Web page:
SleepB Intro

Severance Hall
December 5 – Thursday at 7:30 p.m. 

December 6 – Friday at 11:00 a.m.* 
December 6 – Friday at 8:00 p.m. 
December 7 – Saturday at 8:00 p.m. 


Romantic Stories & Origins

This week’s program presents three works from the 19th century — or just two for the Friday Morning concert.  All three have French connections, and each features memorable, colorfilled music.  One is from an opera, another from a ballet, while the third is a delightful piano concerto filled with grace, elegance, and good fun.

The concert opens with an overture to Hector Berlioz’s opera Béatrice and Bénédict.  Based on Shakespeare’s Much Ado About Nothing, this tenderhearted and charming opera was premiered in 1862.  The overture offers a spirited sense of action and drama, alternating between fiery expectancy and poignant music of bittersweet calm, then bursting to a solid conclusion.

Next, for the evening concerts, is Camille Saint-Saëns’s lively “Egyptian” Piano Concerto, from 1896.  The composer was one of the finest pianists of the 19th century — and a great champion of concertos by Mozart and Beethoven, helping convince the world anew what great works those were.  In his own Piano Concerto No. 5, Saint-Saëns added French interest and taste for the Middle East (the nickname attests to time the composer spent in North Africa, and to his use in the score of “exotic” elements borrowed from the music of countries there).  Guest pianist Jean-Yves Thibaudet takes the solo role.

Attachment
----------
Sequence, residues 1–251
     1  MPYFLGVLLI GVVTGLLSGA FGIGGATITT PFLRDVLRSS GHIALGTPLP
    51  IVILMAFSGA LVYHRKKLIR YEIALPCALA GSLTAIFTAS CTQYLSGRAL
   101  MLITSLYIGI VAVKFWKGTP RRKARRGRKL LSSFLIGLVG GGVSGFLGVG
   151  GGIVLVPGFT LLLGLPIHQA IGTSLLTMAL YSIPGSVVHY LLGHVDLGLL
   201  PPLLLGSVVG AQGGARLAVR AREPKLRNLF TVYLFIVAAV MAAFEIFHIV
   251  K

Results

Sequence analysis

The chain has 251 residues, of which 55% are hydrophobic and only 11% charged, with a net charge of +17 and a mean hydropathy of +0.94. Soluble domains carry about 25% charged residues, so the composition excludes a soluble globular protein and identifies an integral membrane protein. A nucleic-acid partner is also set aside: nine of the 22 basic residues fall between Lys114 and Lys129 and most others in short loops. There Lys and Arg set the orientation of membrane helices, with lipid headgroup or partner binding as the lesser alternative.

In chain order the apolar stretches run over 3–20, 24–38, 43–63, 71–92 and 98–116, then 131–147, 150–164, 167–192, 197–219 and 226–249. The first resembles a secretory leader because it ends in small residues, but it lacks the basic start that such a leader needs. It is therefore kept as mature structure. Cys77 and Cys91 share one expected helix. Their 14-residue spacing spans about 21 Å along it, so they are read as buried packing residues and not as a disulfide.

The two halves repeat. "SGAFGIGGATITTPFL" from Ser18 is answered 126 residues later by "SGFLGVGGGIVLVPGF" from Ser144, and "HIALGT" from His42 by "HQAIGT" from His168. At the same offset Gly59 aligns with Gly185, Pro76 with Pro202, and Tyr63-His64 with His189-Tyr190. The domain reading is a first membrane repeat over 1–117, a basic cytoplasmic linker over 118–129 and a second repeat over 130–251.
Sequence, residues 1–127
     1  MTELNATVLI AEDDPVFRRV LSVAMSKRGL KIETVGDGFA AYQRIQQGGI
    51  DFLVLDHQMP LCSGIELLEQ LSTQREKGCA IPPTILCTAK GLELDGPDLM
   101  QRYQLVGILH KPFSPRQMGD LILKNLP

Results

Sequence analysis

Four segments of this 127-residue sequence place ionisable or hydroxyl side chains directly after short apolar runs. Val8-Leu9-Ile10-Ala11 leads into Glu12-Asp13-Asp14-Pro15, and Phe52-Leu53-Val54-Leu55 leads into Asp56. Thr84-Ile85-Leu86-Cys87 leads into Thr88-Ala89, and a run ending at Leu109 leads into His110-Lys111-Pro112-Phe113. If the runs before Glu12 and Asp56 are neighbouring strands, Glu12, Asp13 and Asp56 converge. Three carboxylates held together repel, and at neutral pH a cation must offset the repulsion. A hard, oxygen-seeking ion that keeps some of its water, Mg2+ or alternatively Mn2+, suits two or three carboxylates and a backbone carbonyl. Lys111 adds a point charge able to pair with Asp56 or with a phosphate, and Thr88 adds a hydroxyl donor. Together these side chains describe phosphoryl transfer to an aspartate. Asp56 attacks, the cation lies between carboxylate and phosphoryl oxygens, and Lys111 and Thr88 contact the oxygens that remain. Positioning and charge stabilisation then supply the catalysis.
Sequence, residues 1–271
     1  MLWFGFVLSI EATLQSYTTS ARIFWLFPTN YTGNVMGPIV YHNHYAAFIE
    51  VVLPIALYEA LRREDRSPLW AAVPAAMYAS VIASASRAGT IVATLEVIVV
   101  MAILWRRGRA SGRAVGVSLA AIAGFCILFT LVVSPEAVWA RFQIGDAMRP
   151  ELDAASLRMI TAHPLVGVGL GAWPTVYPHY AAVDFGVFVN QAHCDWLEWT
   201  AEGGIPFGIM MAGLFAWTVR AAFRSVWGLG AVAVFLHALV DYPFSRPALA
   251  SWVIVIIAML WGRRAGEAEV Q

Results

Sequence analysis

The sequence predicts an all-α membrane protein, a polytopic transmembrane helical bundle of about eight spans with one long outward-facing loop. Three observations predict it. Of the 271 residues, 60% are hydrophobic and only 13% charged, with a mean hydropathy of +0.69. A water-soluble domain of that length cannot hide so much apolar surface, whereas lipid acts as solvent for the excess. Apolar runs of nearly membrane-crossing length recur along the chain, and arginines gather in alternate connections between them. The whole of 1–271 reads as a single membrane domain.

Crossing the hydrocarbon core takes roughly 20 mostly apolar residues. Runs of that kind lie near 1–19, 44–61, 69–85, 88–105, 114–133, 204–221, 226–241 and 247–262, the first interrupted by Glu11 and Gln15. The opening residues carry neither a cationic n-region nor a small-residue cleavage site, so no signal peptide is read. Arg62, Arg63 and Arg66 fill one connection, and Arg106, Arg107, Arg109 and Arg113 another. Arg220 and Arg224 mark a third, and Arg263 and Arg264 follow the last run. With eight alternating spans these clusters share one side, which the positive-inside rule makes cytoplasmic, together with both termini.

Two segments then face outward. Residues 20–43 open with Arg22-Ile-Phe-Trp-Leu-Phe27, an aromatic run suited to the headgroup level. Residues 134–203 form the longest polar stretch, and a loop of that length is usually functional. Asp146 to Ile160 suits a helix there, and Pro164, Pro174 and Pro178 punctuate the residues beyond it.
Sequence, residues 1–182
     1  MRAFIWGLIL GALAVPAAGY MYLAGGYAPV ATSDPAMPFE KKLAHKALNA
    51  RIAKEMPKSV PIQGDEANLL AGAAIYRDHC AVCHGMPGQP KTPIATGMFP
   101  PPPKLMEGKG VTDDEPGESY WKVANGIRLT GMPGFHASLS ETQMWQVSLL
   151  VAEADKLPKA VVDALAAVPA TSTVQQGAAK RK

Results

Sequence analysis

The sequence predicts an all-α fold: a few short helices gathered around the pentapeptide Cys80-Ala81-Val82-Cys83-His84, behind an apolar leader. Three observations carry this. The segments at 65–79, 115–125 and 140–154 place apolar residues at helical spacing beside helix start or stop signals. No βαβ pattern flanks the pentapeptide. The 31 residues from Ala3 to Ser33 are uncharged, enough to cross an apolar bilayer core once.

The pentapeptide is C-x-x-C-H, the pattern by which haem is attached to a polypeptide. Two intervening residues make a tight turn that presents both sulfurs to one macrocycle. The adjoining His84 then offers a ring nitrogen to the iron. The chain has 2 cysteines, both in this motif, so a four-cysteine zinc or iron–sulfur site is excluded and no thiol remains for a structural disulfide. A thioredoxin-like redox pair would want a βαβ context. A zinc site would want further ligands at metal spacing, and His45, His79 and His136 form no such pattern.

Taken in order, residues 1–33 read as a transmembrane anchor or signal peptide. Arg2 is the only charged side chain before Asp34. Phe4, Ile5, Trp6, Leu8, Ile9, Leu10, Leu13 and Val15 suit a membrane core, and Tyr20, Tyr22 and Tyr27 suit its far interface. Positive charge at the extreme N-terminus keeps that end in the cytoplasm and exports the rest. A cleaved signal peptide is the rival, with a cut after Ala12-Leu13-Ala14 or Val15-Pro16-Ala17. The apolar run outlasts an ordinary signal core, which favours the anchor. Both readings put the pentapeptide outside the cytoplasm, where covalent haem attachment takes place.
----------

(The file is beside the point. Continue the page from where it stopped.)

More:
To end the concert, guest conductor Nikolaj Szeps-Znaider has woven together his own suite of musical selections from Tchaikovsky’s great ballet score for Sleeping Beauty.  The ballet, premiered in 1890, was the brainchild of Marius Petipa, the acclaimed French-born choreographer whose innovations almost singlehandedly brought ballet forward to become a modern classical artform — and whose work in Russia gave that country an early and often unequaled ranking in balletic dancing, where it often remains today.  The music is equal parts drama, emotion, and rhythm — and full of pleasure with or without the age-old story of love’s awakening.

  Eric Sellen